Water supplies could be affected in an emergency. Have a supply of stored water for three days or more.

How much water to store

Keep at least a three-day supply of water. You'll need at least three litres of drinking water per person per day (at least nine litres per person for the three days). This equates to four 2.25 litre soft-drink bottles. This will be enough for drinking and basic hygiene.

You should store more if you can. Hot environments and intense physical activity can double the amount required.

Children, nursing mothers and ill people will also need more.

Be sure to include drinking and clean-up water for your pets. The amount needed will depend on their sizes and the conditions. Remember that pets often drink more water than usual when under stress.

You will need more water if you want to wash, cook or clean with water, or if the emergency is long.

Some parts of New Zealand could be without water for longer than three days during an emergency. Your Civil Defence Emergency Management Group can recommend how much you should store.

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Find your local Civil Defence Emergency Management (CDEM) Group.

Water storage options

There are lots of ways you can store emergency water.

  • You can prepare your own containers of water in soft-drink bottles. Don’t use plastic jugs or cardboard containers that have had milk or fruit juice in them. Milk protein and fruit sugars cannot be removed from these containers.
  • You can also fill plastic ice cream containers with water. Label them and keep them in the freezer. These can help keep food cool if the power is off and can also be used for drinking.
  • Your hot water cylinder and toilet cistern are valuable sources of water. Check that your hot water cylinder and header tank are well secured. Do not use water from the toilet cistern if you are using chemical toilet cleaners.
  • Water storage tanks are also an option. Water storage tanks come in different shapes and sizes. Ask your local council if there are any planning requirements you need to consider before installing a large water tank.

If you use collected rain water, make sure that you disinfect it with household bleach. If you are uncertain about the quality of water, do not drink it.

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Find advice on how to keep tank water safe from contamination, including the use of water filters, on the HealthEd website.

  • If you are preparing your own containers of water, follow the directions below.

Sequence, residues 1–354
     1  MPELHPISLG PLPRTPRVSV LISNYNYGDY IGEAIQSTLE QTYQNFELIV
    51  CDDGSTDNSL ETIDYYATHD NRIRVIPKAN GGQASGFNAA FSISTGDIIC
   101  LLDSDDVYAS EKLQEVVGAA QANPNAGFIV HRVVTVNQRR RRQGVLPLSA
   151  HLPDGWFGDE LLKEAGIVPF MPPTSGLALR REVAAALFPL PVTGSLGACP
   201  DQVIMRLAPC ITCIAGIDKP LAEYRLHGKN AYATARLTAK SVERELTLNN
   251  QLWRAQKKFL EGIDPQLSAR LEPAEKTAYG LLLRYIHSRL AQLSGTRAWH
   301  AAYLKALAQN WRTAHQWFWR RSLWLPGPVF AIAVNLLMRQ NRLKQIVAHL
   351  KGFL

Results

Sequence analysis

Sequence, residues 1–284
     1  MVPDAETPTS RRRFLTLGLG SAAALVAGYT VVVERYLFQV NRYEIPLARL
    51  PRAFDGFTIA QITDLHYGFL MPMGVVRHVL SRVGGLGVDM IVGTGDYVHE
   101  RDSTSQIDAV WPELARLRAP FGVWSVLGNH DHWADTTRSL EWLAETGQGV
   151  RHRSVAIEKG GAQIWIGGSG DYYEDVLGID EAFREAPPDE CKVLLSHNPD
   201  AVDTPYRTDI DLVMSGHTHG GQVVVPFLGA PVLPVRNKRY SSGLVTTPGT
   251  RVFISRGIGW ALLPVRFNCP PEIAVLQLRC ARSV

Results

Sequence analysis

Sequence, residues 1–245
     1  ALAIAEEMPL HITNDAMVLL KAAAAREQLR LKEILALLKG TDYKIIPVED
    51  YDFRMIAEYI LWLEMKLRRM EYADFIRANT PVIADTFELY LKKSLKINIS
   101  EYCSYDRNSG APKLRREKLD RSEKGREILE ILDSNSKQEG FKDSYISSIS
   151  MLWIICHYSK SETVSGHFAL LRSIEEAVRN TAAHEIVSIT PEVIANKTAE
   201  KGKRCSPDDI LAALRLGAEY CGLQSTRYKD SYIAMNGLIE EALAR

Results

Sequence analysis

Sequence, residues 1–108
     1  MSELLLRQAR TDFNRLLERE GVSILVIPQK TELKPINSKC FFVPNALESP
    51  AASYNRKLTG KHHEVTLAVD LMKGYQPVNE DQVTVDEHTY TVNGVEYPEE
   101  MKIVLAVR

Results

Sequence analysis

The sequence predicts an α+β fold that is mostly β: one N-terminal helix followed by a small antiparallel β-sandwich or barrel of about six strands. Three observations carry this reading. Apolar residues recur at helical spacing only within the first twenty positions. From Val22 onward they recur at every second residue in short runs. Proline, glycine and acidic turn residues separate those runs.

• If you choose to use your own storage containers, plastic soft-drink bottles are best.
      • Do not use plastic jugs or cardboard containers that have had milk or fruit juice in them. Milk protein and fruit sugars cannot be removed from these containers. They provide an environment for bacterial growth when water is stored in them.
      • Do not use glass containers because they can break and are heavy.
      • Do not use cardboard containers, because they can leak. These containers are not designed for long-term storage of liquids.
    • You can also buy food-grade, water-storage containers from hardware or camping supplies stores.
    • Thoroughly clean the containers with hot water. Don’t use boiling water as this will destroy the bottle.
    • Fill them to the top with regular tap water until it overflows. Add five drops of non-scented liquid household chlorine bleach per litre to the water. Do not use bleaches that contain added scent or perfume, surfactants or other additives. These can make people sick. Do not drink for at least 30 minutes after disinfecting.
    • Tightly close the containers using the original caps. Be careful not to contaminate the caps by touching the inside of them with your fingers.
    • Place a date on the outside of the containers so that you know when you filled them. Store them in a cool, dark place.
    • Check the bottles every 6 months. You can do this when the clocks change over at daylight savings. 
    • If the water is not clear, throw it out and refill clean bottles with clean water and bleach.

Commercially bottled water

If you choose to buy commercially bottle water, store it in the original sealed container. Do not open it until you need to use it. Observe and replace according to the expiration or use by date.

Translated information about storing water

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Get your household ready

It’s up to you to make sure your whānau know what to do and that you all have what you need to get through. Follow these easy steps to get your household ready.